Tuesday, October 30, 2007

Step back and ask who asked for this service

Yesterday we saw 3 carry on with its disruptive approach to the mobile market with the launch of the Skypephone. Others have written how this is just the thing needed to break the walled garden and the arrival of free phone calls.

Last night the Gadget Show on Channel 5 here in the UK had a comparison of the iPhone against the Nokia N95. Time and again the two presenters showed how the American designed phone lacked the power Europeans demand in its camera, texting and connection speeds. However everyone want to look at the Apple phone because it was attractive.

Both these features meant that I was grumpy by the time I went to sleep as once again they demonstrated just what is wrong with Mobile at the moment. We are too focused on the latest technology than making sure what we have works.

What we need to look at is just who is going to buy a new service, and when they do are they going to be happy with the quality and price.

Taking the use of Skype, if I use it it is not because it is free it is because I know that I get to talk with someone rather than voicemail. Email no longer works with many of my contacts as they have a vast backlog of unread messages that means that too often the response comes too late. I use texts to set up a call with a few people because they are not on Skype. With Skype I check availability and then call on my mobile or landline because my monthly fee has a large call allowance which most months I do not fully use.

The free calls that 3 are promoting are on net Skype to Skype calls. This means that they in fact a closed community, if you want to call an real number then you are charge for it. Thus waht you have is a service that 3 hope will stimulate more calls terminating on its network in the same way that they were paying those onPAYG to receive calls. I do not think that the service is mass market and I do not think that its disruptive. I can see a few early adopters carrying a second or third handset to play with the service.

If rumours are to be believed this month Google will finally lift its skirts and show us what it has got in the way of a mobile phone service. Once again a few will say that they have seen the light and that the Internet has once again showed the dumb operators that open is best. What they might need to look at is the architecture models currently running in the networks that seeCAPEX cycles triggered when capacity hits 70% this is far lower than in the fixed world. This fact means that we have owners of the assets looking to manage traffic far more than those in the fixed world.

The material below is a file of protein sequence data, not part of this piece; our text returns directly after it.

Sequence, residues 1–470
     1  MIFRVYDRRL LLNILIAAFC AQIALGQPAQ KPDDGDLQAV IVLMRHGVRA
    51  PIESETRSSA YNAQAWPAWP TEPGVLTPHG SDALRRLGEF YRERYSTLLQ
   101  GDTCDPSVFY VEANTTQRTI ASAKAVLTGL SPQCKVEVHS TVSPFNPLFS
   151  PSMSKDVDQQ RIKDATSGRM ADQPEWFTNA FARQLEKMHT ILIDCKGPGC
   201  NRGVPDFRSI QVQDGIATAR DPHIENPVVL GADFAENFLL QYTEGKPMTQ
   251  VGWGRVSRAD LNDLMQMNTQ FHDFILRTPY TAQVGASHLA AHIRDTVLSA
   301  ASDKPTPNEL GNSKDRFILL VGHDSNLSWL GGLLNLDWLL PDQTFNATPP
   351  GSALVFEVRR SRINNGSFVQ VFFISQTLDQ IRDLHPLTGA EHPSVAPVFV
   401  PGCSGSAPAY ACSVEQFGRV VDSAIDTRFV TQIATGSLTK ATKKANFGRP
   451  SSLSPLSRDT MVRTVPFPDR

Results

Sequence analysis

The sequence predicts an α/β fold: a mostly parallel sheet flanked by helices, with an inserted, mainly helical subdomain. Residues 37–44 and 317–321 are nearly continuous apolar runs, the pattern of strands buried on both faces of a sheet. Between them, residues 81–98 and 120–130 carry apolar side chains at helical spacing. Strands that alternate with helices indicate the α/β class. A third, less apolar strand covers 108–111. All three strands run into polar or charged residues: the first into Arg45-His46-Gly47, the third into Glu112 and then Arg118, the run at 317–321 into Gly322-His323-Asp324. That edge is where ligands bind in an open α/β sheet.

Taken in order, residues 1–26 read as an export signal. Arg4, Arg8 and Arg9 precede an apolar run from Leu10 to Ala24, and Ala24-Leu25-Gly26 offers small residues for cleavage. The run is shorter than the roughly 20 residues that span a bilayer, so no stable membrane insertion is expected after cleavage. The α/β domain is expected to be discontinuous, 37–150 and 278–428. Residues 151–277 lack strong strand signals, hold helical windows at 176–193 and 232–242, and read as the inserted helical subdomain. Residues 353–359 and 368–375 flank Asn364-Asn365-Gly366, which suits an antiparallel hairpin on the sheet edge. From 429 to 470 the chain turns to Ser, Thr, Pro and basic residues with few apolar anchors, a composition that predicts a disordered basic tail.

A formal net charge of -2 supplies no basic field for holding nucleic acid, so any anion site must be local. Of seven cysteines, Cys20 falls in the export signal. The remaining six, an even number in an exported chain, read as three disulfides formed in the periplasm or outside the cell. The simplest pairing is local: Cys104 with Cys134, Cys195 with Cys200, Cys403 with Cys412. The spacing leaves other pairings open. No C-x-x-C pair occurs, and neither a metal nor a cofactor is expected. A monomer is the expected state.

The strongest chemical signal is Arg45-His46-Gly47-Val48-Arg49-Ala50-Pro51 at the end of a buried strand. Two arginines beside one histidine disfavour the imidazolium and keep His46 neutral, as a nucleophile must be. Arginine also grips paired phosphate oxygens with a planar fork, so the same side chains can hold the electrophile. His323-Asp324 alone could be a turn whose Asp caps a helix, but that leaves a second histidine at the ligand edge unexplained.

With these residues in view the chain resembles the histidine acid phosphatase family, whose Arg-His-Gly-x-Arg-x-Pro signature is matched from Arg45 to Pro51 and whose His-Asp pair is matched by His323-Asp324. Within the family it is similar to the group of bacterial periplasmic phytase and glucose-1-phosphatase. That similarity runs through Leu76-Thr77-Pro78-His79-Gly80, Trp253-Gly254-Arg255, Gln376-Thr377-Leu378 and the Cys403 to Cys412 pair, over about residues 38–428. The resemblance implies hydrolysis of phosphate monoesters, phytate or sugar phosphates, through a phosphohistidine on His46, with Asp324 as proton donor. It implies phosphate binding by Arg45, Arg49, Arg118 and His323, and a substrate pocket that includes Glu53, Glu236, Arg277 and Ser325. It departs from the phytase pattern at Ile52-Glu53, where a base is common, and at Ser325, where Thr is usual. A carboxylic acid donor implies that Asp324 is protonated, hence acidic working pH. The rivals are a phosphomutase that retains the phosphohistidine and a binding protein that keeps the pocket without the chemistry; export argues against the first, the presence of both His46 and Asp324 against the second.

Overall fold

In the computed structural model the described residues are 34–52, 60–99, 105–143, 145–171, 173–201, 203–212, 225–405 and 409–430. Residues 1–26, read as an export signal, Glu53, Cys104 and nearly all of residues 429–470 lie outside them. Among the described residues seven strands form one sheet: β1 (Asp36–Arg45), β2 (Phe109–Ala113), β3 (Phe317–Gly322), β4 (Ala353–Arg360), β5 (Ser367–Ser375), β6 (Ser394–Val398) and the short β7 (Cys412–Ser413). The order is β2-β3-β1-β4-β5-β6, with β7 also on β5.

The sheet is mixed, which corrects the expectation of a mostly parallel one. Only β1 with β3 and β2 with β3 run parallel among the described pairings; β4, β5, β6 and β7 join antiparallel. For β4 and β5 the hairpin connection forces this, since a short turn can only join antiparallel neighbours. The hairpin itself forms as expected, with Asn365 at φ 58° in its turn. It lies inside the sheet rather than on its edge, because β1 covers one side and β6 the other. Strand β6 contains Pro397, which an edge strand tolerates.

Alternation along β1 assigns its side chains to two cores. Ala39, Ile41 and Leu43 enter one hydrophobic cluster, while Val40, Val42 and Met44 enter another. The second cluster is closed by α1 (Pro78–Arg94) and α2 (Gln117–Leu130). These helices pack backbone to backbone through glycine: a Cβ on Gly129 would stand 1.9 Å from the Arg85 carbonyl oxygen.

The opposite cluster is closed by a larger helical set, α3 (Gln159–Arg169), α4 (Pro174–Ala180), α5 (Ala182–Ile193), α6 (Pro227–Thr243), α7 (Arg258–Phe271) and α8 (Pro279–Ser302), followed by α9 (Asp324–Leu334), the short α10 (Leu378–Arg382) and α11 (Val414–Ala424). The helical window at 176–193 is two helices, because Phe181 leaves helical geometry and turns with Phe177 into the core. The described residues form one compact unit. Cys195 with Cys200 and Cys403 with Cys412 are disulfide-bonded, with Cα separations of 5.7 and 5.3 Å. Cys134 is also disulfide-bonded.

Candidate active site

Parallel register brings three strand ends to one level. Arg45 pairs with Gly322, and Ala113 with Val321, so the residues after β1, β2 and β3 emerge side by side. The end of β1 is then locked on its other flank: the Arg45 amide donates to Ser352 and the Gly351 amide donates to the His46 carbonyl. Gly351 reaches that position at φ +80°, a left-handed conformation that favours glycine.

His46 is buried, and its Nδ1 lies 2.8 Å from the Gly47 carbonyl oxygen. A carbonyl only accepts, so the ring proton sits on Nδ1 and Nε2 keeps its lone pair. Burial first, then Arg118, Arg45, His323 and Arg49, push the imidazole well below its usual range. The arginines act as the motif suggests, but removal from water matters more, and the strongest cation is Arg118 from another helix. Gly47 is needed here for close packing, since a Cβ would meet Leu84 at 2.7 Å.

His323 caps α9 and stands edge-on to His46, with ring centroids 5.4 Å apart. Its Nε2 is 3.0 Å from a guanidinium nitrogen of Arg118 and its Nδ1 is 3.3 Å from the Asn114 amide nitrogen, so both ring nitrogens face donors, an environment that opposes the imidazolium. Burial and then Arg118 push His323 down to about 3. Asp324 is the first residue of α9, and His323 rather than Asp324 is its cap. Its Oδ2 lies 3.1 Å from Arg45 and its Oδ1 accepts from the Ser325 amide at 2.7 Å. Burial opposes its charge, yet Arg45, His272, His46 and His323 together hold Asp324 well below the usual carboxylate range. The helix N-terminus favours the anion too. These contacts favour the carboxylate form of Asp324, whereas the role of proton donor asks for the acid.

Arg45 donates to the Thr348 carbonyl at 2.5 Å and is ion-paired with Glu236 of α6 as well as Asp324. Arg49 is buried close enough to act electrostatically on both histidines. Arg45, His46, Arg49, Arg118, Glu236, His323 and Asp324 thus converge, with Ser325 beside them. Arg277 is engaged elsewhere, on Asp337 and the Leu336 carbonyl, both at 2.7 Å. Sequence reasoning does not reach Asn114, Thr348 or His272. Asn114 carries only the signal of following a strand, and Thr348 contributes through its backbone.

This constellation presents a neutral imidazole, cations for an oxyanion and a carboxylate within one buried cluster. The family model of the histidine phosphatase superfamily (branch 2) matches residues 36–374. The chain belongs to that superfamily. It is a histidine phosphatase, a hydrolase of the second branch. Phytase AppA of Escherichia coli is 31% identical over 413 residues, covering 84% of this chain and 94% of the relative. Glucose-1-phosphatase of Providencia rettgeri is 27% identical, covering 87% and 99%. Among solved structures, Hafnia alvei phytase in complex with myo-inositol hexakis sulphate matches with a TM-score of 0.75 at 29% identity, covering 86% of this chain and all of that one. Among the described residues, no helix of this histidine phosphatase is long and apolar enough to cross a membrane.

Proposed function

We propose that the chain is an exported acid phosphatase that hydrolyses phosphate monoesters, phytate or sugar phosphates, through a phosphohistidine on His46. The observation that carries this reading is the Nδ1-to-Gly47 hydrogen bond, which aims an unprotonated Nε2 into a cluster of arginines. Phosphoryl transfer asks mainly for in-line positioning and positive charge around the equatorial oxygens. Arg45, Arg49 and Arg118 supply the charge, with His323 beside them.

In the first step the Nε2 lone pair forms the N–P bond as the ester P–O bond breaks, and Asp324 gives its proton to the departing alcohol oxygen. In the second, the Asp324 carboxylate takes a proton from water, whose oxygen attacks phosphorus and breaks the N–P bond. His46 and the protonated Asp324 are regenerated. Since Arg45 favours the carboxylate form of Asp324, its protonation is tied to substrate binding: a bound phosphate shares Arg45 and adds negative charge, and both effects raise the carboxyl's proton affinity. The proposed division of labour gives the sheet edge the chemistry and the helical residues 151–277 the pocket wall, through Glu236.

I know that this post is not well argued but then I am angry that once again hype has trumped logic. Use the comment box to ask a question or point out why I am wrong and I will respond in a more structured manner.

1 comment:

Nirvanesque said...

Are you looking towards Google as someone trying to break the monotony (or monopoly) of the existing market structure in mobile? (your this & Nov 5 posting)

Can we consider Google as a "small-time" newcomer. Its share price is around US$480, which translates to a market capitalisation of around US$150Bn!! Add to that the way Google is recently throwing its weight around, on both sides of the Atlantic:
- In July 2007, Google said it would up the reserve price of US$4.6Bn for the FCC C-Block spectrum if it can get access at wholesale rates (for incumbents) - and most-probably it will get it.
- In Sept 2007, back here in Paris, Google announced its acquisition of YouTube for a staggering US$1.65Bn! Such an acquisition would directly imply that tomorrow, if it wanted, Google could piggyback cable & IPTV operator investments to offer its own Hi-Q video download & search services (Perhaps it would come out with its own set-top box - call it Googlebox, for this purpose).

I am not a Google critic. Nevertheless, I believe, that in this regard, Google would be doing a similar strategy in the 3G multimedia space. So whatever, it means, Googlephone can turn out to be a major threat for operators of the likes of O2 or 3.

I am not pointing out why you are wrong, but I am very interested to know your "response in a structured manner".